The Oregon Nurses Association (ONA) serves as a professional organization of registered nurses and as a collective bargaining agent for its members. ONA is part of the national American Nurses Association (ANA); both groups were founded around the turn of the twentieth century.
ONA joined the ANA in 1911, but in 1906—even before Oregon's women citizens could vote—the group successfully lobbied the legislature for a Nurse Practice Act (NPA). This state legislation established a board that sets standards and administers licensure exams. Nurses who pass the test are legally "registered" and able to use the title "RN."
Nurses in Oregon were notably visible during the Lewis and Clark Exposition of 1905, staffing the fair’s first-aid station. Their presence accented a public-service role for the Oregon State Association of Trained Nurses, the forerunner of ONA, chartered in 1904 for the mutual benefit and support of members.“Trained” indicated members’ status as graduates of nurse “diploma schools,” usually affiliated with hospitals. Such institutions trained—rather than hired—students to perform laundering, bathing, bandaging, and feeding of patients. Before World War I, most RNs worked in home care, not in hospitals, as “private duty” nurses to individual families.
The Great Depression was a turning point for nursing. Oregon’s Elnora Thomson became ANA president (1930-1934) and helped move forward an agenda to modernize and professionalize the field. This meant expanding hospital employment for RNs and decisively moving nurse-training programs out of hospitals and into institutions of higher education. World War II accelerated both of these trends and complicated them. The ANA historically excluded “untrained” nurses, yet a new, large contingent of practical (non-RN) nurses was relied on to serve in the wartime crisis. After the war, the ranks of Licensed Practical Nurses grew and they founded their own associations.
Women of color were largely unwelcome in the white-dominated ANA, and African American women created the National Association of Colored Graduate Nurses (NACGN) in 1908 to meet their needs. Some Japanese American women, stigmatized and isolated by internment, left the camps for war-related nursing work (as did men for military service). After World War II, the NACGN disbanded to merge with ANA (1951), and collective bargaining became the focus of RNs' efforts to advance their professional and economic standing.
In 1961, the ONA scored a major victory with the passage of HB 1360, a collective-bargaining bill for nurses. The organization signed its first negotiated contract in October 1962 with Providence Hospital in Portland. In 1968, ONA hired its first fulltime lobbyist in Salem—McMinnville native Paula McNeil—who also served as ONA executive director from 1978 to 1992. In November 1970, ONA staged a "Heal-In" at the Portland Veterans Administration Hospital, picketing in the interest of better patient care during the facility's nursing shortage exacerbated by the Vietnam War. When government employees gained the right to bargain, ONA came to represent VA nurses.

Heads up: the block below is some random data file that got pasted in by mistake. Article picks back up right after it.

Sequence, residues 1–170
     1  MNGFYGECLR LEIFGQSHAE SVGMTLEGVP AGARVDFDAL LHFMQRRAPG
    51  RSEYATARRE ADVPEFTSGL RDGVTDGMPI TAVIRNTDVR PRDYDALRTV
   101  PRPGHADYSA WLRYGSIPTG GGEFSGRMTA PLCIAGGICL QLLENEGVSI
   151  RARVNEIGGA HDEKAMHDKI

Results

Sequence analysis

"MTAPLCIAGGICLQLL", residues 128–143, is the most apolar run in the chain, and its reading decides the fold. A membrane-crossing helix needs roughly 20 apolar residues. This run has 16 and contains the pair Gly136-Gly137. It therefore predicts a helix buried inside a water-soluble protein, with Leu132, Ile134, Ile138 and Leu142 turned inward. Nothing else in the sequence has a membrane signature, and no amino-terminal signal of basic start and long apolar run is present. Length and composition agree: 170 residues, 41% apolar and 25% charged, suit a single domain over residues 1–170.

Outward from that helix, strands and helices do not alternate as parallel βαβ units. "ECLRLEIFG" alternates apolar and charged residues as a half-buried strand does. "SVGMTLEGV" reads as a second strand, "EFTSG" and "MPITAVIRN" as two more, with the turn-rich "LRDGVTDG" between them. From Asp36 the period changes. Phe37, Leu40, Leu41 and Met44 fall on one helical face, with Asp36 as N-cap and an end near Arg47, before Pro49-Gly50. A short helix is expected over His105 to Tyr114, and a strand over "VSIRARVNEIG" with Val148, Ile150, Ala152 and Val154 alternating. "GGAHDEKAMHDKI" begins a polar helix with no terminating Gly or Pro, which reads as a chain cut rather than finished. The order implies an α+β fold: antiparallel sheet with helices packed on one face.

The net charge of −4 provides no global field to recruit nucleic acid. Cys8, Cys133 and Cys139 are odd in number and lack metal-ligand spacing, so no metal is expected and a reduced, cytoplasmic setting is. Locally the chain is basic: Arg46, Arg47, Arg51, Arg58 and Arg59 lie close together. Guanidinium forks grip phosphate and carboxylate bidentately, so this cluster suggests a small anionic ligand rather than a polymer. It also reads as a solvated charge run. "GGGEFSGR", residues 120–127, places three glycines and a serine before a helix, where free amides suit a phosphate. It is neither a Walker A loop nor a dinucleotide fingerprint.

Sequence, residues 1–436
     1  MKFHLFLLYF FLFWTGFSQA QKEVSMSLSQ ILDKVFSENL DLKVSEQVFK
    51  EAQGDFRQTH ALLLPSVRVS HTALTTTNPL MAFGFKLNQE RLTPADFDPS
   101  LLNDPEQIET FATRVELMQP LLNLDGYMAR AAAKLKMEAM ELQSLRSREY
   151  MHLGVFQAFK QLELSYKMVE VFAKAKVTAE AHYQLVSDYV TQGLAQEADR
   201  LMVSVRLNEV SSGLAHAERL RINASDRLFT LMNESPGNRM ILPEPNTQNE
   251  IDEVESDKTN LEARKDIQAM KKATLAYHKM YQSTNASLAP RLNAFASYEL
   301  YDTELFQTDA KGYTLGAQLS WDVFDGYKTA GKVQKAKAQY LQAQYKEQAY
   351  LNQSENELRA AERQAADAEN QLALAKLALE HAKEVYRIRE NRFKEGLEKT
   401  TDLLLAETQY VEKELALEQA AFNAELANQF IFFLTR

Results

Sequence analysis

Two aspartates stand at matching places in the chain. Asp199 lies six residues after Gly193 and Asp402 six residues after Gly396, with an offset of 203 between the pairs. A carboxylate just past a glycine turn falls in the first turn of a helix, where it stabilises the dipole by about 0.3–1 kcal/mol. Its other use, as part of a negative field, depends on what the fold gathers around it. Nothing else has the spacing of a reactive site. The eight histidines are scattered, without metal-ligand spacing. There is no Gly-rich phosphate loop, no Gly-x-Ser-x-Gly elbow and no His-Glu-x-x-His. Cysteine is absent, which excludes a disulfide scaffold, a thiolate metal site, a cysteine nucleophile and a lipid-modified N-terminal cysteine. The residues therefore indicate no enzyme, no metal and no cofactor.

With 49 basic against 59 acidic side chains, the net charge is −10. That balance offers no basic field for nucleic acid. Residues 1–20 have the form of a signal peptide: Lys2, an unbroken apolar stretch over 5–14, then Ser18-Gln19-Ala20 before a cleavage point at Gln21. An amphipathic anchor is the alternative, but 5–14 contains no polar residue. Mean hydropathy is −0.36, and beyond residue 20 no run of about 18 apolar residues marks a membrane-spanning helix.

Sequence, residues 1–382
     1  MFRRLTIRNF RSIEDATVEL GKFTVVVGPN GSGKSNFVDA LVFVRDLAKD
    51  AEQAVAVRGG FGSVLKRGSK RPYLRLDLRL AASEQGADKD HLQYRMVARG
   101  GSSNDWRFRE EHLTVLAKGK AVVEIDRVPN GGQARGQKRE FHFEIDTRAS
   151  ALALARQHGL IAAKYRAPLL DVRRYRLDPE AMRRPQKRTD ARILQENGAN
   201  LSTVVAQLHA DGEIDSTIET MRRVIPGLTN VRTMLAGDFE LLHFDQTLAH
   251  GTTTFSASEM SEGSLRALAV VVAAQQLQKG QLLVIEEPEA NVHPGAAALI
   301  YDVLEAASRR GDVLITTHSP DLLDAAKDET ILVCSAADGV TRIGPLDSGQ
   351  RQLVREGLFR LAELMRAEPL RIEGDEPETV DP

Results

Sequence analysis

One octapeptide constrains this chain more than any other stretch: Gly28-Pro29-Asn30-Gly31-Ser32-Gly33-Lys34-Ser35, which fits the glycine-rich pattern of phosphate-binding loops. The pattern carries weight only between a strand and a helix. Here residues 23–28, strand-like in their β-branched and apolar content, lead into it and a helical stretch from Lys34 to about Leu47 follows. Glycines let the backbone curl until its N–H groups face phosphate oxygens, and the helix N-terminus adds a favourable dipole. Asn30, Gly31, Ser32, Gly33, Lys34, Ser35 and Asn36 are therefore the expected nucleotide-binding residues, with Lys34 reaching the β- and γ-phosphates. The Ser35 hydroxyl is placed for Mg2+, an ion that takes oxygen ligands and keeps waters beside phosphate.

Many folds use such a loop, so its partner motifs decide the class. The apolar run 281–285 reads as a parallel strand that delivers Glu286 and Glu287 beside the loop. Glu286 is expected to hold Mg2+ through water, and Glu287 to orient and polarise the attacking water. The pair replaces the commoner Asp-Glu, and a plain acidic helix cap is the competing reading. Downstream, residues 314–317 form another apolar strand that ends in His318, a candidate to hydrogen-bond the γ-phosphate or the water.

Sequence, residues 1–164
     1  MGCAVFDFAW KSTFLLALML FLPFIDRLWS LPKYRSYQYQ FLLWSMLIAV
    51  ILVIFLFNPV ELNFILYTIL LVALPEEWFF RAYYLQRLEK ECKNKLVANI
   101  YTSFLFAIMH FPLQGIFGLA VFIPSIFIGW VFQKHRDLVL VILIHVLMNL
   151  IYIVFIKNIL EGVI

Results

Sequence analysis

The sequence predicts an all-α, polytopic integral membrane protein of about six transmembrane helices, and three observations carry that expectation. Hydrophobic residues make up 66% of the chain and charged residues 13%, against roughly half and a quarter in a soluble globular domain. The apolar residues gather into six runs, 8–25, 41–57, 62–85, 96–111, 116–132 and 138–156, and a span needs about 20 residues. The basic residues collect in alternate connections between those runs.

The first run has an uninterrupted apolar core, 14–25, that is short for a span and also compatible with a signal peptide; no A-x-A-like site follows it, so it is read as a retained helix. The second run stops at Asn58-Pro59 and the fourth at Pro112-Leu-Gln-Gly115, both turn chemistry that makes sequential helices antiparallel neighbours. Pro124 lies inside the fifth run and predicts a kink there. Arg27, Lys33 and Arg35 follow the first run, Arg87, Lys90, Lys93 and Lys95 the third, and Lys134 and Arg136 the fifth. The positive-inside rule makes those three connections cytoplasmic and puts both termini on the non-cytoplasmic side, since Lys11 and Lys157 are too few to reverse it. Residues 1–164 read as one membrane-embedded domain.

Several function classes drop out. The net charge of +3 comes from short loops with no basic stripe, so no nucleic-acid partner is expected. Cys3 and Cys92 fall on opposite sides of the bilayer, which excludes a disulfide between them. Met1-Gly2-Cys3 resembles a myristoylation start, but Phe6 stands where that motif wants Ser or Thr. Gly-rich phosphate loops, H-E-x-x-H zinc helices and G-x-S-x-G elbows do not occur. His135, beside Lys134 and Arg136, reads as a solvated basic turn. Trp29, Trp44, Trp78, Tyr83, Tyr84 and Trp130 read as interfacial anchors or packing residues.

The 1970s brought civil rights and feminist energy to nursing. In 1971, the National Black Nurses Association was founded to sharpen advocacy for African American nurses in the profession and to focus on improving health care to African Americans. Latinas organized the National Association of Hispanic Nurses in 1976 with similar goals for their community.
In Oregon, Elizabeth Washington was the first woman of color to serve on the State Board of Nursing, earning her appointment in 1975. Karla Jagow became Oregon’s first nurse practitioner (1977), marking a key shift in nurse autonomy of practice. RN Donna Zajonc was elected to the Oregon legislature in 1978. In 1982, nurses meeting at the annual ANA convention in Washington, D.C., spontaneously voted to join the ERA rally gathered on the National Mall.
ONA won historic strikes in Eugene (1980) and Springfield (1981), but corporate buy-ups, rising health-care costs, and the new mobility of temporary health workers made union-busting profitable in the 1980s, marking a shift in the RNs' power. The Oregon Health Sciences University nurses' strike of 2001, which ended in victory after fifty-six days, was the outgrowth of many of these tensions. As the twenty-first century opens, ONA remains a leading voice in advocating for nursing and patient care, with over 8,000 members and representing over 12,000 nurses in the state of Oregon.
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Reverby, Susan M. The Dilemma of American Nursing, 1850-1945. New York: Cambridge University Press, 1987.
Schechter, Patricia A. “The Labor of Caring: A History of the Oregon Nurses Association.” Oregon Historical Quarterly 8:1 (Spring 2007), 6-33.